Nantucket Police Admits that Officers Used Excessive Force Against Massachusetts Teens that Filed Lawsuit

A group of Massachusetts teenagers that say Nantucket police officers applied “excessive force” when arresting them without probable cause have filed a federal lawsuit. Troy Sullivan, Nicholas Phillips, David Loveberry, Adeane Watty, and Terrance Johnson, ages 13 to 18 and all African-American, say they were riding their bikes on August 8, 2007 at around 10:30 at night in Nantucket when Police Officer Taylor Noll told them to “move to the other side of the street.”

The teenagers say that they asked why the police officer did not ask the Caucasian tourists and workers that were there to move also. Noll then requested police backup and all the police officers that were on the island responded. A number of them reportedly chased the teenagers, with one cop ordering the boys to get on the ground. Officers Michael Nee, Richard Aprea, and Briand Ketcham then jumped on three of them and forced them onto the ground.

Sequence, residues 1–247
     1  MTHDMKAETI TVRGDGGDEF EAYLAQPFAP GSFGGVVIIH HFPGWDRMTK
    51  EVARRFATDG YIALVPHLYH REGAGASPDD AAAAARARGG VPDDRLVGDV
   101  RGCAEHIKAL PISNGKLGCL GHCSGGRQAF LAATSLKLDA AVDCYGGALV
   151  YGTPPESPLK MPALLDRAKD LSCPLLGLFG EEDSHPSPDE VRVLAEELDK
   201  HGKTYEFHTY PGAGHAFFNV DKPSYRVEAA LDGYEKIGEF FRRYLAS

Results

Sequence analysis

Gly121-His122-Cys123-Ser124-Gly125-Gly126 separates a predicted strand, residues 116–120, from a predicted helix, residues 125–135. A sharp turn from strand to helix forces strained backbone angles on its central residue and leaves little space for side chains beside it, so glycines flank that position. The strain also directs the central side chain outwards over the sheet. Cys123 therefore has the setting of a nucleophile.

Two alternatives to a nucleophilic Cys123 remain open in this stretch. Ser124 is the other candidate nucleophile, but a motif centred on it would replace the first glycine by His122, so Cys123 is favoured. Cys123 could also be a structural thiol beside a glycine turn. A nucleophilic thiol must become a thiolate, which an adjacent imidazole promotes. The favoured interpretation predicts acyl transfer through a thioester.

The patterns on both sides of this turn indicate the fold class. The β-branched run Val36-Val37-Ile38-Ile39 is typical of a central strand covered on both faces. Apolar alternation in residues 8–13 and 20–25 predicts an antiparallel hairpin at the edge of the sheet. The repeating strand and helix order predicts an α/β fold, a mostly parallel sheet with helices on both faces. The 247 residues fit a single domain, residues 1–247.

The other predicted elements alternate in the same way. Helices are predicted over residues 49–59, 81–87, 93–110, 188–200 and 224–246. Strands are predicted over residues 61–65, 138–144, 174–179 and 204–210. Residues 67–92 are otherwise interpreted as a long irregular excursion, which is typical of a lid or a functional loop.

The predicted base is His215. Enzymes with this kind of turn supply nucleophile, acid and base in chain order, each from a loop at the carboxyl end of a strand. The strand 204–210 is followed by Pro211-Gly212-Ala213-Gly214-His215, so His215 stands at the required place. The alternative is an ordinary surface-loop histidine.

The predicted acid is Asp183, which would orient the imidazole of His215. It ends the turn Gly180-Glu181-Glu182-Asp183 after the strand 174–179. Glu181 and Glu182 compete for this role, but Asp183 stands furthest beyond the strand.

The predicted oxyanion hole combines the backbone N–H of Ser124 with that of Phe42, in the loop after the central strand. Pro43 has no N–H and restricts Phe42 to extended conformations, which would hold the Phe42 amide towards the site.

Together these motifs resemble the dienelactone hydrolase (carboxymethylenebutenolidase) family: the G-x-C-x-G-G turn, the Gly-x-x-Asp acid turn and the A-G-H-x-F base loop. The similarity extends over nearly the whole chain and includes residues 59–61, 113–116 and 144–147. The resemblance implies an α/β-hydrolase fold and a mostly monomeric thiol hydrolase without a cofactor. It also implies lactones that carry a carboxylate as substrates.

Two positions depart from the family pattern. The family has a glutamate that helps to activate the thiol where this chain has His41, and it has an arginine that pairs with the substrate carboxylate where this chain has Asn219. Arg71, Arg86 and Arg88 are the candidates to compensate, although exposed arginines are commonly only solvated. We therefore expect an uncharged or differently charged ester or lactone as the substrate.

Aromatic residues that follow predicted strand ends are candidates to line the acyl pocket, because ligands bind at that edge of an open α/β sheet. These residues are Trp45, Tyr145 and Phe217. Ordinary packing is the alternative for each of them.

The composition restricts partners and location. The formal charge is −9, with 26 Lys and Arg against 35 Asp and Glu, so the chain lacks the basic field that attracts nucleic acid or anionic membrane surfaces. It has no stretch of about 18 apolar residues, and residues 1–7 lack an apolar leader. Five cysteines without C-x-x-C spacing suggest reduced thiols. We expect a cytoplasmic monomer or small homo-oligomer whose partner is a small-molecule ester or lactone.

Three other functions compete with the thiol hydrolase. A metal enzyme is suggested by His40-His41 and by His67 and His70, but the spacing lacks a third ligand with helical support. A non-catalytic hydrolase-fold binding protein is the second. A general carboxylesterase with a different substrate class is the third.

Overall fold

13-year-old Terrence Johnson’s shoulder became separated during the incident. Troy Sullivan fell of his bike after Officer Nee hit him with his police car. In front of a crowd, the five teenagers were restrained, frisked, and according to the plaintiffs’ lawyers, illegally arrested.

Nantucket Police Chief William Pittman, who has said the police men used excessive force, has ordered a full probe into the incident. None of the officers involved were disciplined.

Police Brutality Statistics
According to the Department of Justice, incidents involving excessive use of force and other tactics by law enforcement officers have increased by 25% between 2001 and 2007. Federal records indicate that most reported incidents do not lead to anyone being prosecuted for police brutality.

Injuries caused by police brutality can be grounds for a personal injury lawsuit.

Five black teens sue Nantucket police,, August 30, 2008
Police brutality cases on rise since 9/11,, July 18, 2007
Related Web Resource:
Police Brutality and Accountability in the United States,

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